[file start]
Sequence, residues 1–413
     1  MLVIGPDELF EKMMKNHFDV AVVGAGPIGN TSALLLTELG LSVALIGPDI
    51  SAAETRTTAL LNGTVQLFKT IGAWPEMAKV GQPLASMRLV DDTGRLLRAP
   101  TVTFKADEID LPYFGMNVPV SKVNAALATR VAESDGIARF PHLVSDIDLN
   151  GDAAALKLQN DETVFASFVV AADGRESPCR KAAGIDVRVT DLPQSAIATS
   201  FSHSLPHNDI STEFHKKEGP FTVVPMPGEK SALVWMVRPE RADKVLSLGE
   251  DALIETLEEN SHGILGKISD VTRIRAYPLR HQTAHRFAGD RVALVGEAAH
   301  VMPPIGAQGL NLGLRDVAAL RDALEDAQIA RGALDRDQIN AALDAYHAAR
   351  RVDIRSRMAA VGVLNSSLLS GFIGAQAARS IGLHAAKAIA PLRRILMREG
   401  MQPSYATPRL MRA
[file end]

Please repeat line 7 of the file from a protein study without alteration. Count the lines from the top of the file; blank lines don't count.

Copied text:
   251  DALIETLEEN SHGILGKISD VTRIRAYPLR HQTAHRFAGD RVALVGEAAH